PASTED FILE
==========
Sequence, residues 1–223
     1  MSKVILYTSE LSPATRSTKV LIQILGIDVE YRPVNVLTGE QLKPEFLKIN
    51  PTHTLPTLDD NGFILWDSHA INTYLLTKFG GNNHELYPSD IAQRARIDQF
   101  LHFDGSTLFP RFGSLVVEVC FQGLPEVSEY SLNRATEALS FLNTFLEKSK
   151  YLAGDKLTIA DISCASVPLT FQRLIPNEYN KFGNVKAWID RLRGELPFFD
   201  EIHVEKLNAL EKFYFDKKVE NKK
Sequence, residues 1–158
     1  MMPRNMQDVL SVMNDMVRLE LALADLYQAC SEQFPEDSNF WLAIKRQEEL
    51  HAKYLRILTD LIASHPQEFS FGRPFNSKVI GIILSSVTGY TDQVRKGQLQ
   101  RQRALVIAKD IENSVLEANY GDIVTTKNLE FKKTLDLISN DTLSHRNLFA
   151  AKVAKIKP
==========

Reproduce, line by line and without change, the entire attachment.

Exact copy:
Sequence, residues 1–223
     1  MSKVILYTSE LSPATRSTKV LIQILGIDVE YRPVNVLTGE QLKPEFLKIN
    51  PTHTLPTLDD NGFILWDSHA INTYLLTKFG GNNHELYPSD IAQRARIDQF
   101  LHFDGSTLFP RFGSLVVEVC FQGLPEVSEY SLNRATEALS FLNTFLEKSK
   151  YLAGDKLTIA DISCASVPLT FQRLIPNEYN KFGNVKAWID RLRGELPFFD
   201  EIHVEKLNAL EKFYFDKKVE NKK
Sequence, residues 1–158
     1  MMPRNMQDVL SVMNDMVRLE LALADLYQAC SEQFPEDSNF WLAIKRQEEL
    51  HAKYLRILTD LIASHPQEFS FGRPFNSKVI GIILSSVTGY TDQVRKGQLQ
   101  RQRALVIAKD IENSVLEANY GDIVTTKNLE FKKTLDLISN DTLSHRNLFA
   151  AKVAKIKP